# Logical Indexing with Complex Numbers

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Commented: Steven Lord on 9 May 2019
So I have a data set of coefficients which are calculated from a Laplace expansion into spherical harmonics. The resulting coefficients can be either real or complex. When I'm working though the data, there are times all (or a lot) the imaginary components have values << eps i.e the numerical accuracy (so in one dataset of 100,000 or so coefficents, the max imaginary component is 2e-17 compared to a max coefficient of 120).
For the purposes of my work, the presence of the imaginary numbers is bad for both clarity and computational time.
For a variable A;
I can use the code
A(A<=eps)=0
to zero the effectively zero real components however the logical '<' ignores imaginary numbers. I did a lot of searching and can't seem to find a method to do the same with the imaginary component.
I believe it maybe possible to break up the matrix using real and imag, set the zeros and then reassign the initial matrix with the new imaginary components, howver I'm unsure of a consise way to do this and I would imagine the 4 lines of code I can write would become cumbersome when I'm working with lots of data and loops etc
Any ideas or suggestions would be much appreicated
Further to this, in the code mentioned previously, were the array A to have both positive and negative values, I would use;
A(abs(A)<=eps)=0
This stops it zeroing all the negative values in the array. However as you would imagine, the abs for an imaginary array removes all the complex components meaning I lose some of my data and hence the final set of coefficents end up wrong.

Star Strider on 9 May 2019
The only approach I can suggest is:
A = rand(5) + 1j*(rand(5)*eps + rand(5).*(rand(5)>0.5)); % Create ‘A’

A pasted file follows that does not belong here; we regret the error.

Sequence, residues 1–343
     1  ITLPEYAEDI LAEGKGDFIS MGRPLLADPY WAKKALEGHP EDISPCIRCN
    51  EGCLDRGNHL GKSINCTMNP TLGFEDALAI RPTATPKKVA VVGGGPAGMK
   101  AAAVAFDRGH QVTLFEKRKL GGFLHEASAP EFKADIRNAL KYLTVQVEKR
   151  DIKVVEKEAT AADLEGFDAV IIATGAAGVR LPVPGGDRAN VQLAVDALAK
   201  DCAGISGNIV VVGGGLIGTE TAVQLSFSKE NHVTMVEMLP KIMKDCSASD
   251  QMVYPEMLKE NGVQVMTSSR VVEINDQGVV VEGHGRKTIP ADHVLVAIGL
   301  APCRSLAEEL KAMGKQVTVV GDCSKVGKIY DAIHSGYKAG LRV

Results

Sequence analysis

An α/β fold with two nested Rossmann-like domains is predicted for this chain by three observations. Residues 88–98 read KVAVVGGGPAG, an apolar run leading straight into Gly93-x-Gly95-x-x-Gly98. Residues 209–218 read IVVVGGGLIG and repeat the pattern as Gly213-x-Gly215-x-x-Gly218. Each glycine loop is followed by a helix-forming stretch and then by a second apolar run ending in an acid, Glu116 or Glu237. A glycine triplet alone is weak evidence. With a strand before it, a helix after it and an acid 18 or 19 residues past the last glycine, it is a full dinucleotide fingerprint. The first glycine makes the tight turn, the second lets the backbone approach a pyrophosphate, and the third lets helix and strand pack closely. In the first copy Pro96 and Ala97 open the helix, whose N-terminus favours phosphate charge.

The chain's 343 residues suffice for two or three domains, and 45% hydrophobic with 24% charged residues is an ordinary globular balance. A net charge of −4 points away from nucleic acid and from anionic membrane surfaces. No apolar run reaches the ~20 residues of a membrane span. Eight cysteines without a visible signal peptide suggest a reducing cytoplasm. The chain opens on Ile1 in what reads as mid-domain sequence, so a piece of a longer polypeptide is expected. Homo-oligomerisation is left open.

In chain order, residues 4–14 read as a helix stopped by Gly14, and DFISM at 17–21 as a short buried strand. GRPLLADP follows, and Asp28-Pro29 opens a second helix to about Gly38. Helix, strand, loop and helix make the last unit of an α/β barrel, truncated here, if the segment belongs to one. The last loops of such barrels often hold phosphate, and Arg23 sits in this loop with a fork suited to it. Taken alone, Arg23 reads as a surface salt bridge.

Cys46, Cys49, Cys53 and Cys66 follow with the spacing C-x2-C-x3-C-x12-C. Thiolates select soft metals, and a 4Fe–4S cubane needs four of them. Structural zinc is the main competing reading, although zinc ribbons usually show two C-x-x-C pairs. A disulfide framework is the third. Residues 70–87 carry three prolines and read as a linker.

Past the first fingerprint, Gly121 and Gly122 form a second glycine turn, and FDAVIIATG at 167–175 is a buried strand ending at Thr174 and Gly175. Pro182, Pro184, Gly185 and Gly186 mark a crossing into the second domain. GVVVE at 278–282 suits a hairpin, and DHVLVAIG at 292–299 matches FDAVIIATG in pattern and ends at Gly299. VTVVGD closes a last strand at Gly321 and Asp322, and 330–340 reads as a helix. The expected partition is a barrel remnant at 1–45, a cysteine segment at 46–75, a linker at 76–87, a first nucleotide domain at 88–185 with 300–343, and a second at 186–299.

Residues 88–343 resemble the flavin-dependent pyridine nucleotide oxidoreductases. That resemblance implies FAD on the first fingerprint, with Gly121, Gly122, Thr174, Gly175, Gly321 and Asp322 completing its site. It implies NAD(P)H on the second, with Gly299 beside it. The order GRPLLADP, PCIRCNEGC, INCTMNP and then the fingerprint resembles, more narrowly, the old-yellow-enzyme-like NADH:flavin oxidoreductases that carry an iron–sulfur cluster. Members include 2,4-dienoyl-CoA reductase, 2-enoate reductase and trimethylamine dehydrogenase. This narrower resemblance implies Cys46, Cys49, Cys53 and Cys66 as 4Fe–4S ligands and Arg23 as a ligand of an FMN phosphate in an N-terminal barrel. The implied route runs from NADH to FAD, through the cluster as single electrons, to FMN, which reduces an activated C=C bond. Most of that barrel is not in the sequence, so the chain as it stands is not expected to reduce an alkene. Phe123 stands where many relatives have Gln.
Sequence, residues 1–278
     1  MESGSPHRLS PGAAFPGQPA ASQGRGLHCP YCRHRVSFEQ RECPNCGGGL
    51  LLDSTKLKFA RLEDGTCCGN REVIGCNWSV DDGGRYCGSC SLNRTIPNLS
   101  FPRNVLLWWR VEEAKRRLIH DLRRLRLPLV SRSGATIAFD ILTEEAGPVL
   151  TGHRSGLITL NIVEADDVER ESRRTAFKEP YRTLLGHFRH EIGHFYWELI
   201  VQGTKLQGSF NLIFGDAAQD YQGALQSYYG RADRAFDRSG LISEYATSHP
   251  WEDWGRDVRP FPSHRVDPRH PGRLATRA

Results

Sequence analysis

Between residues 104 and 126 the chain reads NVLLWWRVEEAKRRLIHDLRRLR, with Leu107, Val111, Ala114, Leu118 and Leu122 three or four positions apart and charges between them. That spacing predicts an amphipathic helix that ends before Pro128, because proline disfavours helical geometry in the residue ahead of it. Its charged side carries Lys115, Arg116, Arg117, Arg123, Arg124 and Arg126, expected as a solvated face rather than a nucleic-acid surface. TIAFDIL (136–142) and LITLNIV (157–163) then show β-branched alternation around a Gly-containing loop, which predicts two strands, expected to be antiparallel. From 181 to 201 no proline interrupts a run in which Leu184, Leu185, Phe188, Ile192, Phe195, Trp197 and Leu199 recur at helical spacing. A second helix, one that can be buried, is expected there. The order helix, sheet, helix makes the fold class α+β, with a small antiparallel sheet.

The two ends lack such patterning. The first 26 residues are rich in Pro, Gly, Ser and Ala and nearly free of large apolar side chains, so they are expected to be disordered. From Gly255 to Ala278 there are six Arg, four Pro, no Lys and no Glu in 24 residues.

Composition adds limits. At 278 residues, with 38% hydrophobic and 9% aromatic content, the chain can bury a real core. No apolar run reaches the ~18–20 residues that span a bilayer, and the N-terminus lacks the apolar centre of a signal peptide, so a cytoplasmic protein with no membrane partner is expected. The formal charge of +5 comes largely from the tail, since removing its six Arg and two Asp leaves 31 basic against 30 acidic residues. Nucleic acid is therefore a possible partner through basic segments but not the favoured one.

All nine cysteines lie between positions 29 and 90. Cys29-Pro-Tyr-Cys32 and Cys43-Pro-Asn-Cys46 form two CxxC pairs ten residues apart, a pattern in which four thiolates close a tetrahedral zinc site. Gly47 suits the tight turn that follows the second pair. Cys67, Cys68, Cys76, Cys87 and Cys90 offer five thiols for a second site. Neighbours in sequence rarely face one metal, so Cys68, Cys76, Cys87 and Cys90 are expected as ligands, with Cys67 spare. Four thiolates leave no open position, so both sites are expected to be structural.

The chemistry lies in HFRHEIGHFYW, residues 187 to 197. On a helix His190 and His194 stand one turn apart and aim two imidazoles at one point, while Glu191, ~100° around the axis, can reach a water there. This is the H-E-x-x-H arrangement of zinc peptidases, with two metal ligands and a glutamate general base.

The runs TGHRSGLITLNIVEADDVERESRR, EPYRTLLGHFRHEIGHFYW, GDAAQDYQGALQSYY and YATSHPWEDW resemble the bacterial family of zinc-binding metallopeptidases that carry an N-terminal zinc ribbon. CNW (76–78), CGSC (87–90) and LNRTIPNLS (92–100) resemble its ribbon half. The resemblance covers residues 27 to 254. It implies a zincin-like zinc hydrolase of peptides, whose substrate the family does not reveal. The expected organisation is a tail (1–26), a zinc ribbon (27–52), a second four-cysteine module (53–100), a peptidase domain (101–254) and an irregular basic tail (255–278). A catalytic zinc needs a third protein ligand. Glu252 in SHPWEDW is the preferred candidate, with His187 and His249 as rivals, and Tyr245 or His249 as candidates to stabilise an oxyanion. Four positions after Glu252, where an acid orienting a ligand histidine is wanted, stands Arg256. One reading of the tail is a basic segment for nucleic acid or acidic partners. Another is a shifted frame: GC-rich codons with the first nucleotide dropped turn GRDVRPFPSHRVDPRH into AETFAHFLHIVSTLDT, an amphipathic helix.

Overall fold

Ar = real(A);
Ai = imag(A);
ix = Ai<=eps;
Ai(ix) = 0;
Anew = Ar + 1j*Ai;
The problem with dealing with logical indices is that it can be difficult to retain the matrix orientation. Logical references can result in creating column vectors from matrices, frequently not the desired outcome. This approach avoids that, at the expense of a bit of inefficiency in creating separate real and imaginary component matrices of ‘A’.
Steven Lord on 9 May 2019
There's no need to rebuild the whole matrix.
A = rand(5) + 1j*(rand(5)*eps + rand(5).*(rand(5)>0.5)); % Create ‘A’
Ar = real(A);
Ai = imag(A);
ix = abs(Ai)<=eps; % Small imaginary parts
I'm going to make a copy of A so that you can keep the original A around for comparison; in real code you'd probably change A in place.
Anew = A;
Anew(ix) = Ar(ix); % Replace the complex number with its real part
% Display both matrices
A
Anew
Alternately if you don't want to create all of real(A), you can substitute additional indexing.
A = rand(5) + 1j*(rand(5)*eps + rand(5).*(rand(5)>0.5)); % Create ‘A’
Ai = imag(A);
ix = abs(Ai)<=eps; % Small imaginary parts
Anew2 = A;
Anew2(ix) = real(Anew2(ix));
% Display both matrices
A
Anew2
howver I'm unsure of a consise way to do this and I would imagine the 4 lines of code I can write would become cumbersome when I'm working with lots of data and loops etc
That makes this a prime candidate for making a small function. Tuck the four lines of code into a function (with a descriptive name, maybe something like trimSmallImagPart) and use one line to call that function with different arrays wherever needed in your code.